It’s been a long, long, long time coming, but the moment every Alfisti has been waiting for is finally upon us – the new Alfa Romeo Giulia has been officially unveiled. The latest Italian challenger in the compact exec stakes is the first new mainstream offering from Milan since the Giulietta was launched five years ago.

What’s more, the Giulia marks Alfa’s return to the rear-wheel drive layout, last seen when the 75 was discontinued in 1992; it’s said to harken back to the most authentic roots of the company’s history and offer “high performance and astounding enjoyment”. Fitting, then, that the car was revealed to the world on Alfa’s 105th anniversary yesterday at its rejuvenated museum, located in its spiritual home of Arese.

The striking looks are bound to polarise – particularly at the front, where broad, thrusting headlights and shield grille dominate proceedings. The proportions, teardrop-shaped side windows and some of the detailing (particularly the deep strakes along the flanks) also bring to mind the F30 BMW 3 Series, but it’s none the worse for it; and hey, at least it gives the sort of sporty look past front-drive Alfas could only dream about.

Alfa has yet to show the interior of the car – said to convey “the impression of a tailor-made suit” – but an earlier leaked rendering showed a horizontally-aligned dashboard with a curved upper layer, a large central display and classic deep-set instrument gauges.


The DNA drive mode selector returns, but now as a knob rather than the previous toggle switch; it also adds new fuel-sipping Advanced Efficient and sportier Racing (on high-performance models) modes to complement the existing Dynamic and Natural settings.

To showcase the Giulia’s sporting side at its most extreme, Alfa chose to reveal the car solely in M3-baiting Quadrifoglio trim, marked out by an extendable front Active Aero Splitter, the iconic triangular four-leaf clover emblem on the wings, vents aft of the front wheels, large black telephone-dial wheels and an enormous rear diffuser replete with quad tailpipes.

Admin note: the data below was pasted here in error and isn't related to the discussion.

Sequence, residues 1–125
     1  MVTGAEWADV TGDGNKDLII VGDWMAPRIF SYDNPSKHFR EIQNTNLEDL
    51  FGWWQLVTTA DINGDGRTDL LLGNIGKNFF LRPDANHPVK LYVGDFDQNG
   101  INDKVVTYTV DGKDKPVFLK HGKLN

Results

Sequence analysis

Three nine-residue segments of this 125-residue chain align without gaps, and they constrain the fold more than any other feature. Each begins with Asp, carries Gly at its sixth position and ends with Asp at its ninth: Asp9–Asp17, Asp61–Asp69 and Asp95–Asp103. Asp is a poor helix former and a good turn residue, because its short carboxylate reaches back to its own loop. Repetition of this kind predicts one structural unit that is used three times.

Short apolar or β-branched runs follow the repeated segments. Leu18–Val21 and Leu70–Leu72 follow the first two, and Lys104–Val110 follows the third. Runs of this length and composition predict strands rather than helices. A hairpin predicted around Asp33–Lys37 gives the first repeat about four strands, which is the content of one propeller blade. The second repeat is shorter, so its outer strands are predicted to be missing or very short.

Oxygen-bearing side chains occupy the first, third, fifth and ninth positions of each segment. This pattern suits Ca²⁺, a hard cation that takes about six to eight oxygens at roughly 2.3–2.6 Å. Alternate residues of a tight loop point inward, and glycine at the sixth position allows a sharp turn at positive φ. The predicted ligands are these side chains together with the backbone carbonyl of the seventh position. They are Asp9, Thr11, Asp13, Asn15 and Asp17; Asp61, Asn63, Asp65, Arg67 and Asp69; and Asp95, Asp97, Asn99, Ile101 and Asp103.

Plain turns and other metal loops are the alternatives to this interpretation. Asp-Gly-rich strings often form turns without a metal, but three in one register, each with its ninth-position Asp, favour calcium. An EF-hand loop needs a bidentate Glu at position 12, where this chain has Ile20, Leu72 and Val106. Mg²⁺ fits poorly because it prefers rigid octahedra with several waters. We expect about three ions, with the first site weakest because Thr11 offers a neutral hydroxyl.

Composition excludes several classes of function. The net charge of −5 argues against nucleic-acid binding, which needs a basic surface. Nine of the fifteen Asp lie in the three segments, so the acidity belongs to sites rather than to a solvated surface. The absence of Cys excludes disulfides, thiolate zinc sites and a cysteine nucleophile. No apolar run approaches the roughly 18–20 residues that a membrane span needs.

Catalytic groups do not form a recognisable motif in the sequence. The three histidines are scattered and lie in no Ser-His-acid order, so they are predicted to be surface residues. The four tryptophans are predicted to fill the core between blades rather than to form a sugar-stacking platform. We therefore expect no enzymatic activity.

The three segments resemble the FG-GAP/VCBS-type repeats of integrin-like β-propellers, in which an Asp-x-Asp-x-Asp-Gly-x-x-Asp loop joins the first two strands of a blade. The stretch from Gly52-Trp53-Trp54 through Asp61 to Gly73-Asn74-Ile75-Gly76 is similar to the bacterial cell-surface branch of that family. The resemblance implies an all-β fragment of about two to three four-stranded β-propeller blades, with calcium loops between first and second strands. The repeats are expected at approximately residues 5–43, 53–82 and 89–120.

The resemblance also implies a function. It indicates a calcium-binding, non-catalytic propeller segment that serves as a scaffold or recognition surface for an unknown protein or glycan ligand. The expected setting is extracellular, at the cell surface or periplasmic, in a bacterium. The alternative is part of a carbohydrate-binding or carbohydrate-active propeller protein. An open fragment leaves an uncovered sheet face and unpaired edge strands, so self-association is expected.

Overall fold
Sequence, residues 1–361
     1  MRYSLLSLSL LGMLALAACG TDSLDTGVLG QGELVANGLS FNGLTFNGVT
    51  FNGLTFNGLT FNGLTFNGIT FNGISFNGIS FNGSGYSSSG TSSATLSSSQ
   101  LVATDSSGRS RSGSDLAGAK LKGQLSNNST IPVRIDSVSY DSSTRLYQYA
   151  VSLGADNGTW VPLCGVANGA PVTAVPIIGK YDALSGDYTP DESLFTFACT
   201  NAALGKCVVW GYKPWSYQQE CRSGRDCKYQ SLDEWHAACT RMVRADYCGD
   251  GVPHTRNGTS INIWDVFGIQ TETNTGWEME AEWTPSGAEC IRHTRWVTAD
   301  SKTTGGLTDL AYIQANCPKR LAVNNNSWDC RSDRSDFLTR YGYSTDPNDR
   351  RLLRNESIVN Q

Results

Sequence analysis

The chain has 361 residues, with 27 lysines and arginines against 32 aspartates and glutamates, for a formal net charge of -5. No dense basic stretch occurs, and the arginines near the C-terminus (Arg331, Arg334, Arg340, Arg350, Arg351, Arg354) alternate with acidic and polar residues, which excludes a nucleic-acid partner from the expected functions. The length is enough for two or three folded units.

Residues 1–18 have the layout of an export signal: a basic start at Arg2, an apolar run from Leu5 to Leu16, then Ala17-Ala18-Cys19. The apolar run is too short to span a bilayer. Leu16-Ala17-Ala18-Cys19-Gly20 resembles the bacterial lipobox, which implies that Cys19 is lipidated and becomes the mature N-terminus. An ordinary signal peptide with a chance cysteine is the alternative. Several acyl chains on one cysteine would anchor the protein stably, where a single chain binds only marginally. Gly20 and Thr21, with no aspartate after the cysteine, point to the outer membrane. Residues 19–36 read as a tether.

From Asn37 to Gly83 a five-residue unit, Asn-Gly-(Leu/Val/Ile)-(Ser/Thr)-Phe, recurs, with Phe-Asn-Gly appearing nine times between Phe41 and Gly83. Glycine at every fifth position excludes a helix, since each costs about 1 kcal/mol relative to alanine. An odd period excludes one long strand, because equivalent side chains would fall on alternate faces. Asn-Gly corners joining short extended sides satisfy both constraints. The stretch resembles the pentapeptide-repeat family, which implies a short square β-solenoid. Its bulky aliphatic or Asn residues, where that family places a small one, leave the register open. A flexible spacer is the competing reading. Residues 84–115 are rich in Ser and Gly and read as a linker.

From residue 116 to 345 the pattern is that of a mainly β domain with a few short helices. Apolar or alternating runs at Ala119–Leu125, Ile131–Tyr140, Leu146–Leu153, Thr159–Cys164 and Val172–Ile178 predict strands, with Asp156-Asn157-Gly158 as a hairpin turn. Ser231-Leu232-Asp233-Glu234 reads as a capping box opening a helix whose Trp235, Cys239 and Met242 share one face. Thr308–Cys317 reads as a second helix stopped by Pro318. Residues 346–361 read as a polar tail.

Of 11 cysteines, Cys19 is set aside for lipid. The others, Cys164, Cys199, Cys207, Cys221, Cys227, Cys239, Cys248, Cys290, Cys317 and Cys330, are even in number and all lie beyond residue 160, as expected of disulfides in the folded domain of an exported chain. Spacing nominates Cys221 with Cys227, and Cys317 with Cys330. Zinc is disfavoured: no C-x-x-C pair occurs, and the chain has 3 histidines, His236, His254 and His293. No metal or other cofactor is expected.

Under the bonnet, there’s an aluminium six-cylinder turbo engine (possibly Maserati’s 3.0 litre biturbo V6 as seen in the Ghibli) developed by ex-Ferrari engineers. The mill – reportedly based on the unit destined for the rumoured Ferrari Dino – sends a massive 510 hp through the (hurrah!) good ol’ six-speed manual, enough to propel the Quadrifoglio from 0-100 km/h in just 3.9 seconds.

Other engines – including diesels and, reportedly, a 2.0 litre turbo four-pot petrol generating up to 298 hp in its highest production tune – are set to follow. Elsewhere, there’s dual-clutch torque vectoring, optional four-wheel drive, Chassis Domain Control and an Integrated Brake System that ropes in stability control to improve response and shorten braking distances.

Under the skin, the Giulia utilises a significant amount of lightweight components, including a carbon fibre propeller shaft, bonnet, roof and seat structure, aluminium suspension, doors and wings, a rear crossmember made from aluminium composite and plastic, as well as carbon ceramic brake discs. All in all, Alfa claims a power-to-weight ratio of under 3 kg per hp, which on the Quadrifoglio would mean a weight of under 1,530 kg.

Claimed to have a perfect 50/50 weight distribution, the Giulia features Alfa’s own double wishbone front suspension (with semi-virtual steering axis for better filtering effect and quicker, more accurate steering), as well as a multi-link rear suspension. So, fellow Alfisti, what do you guys think – is this the sort of return to form for Alfa Romeo that you were hoping for? Sound off in the comments section after the jump.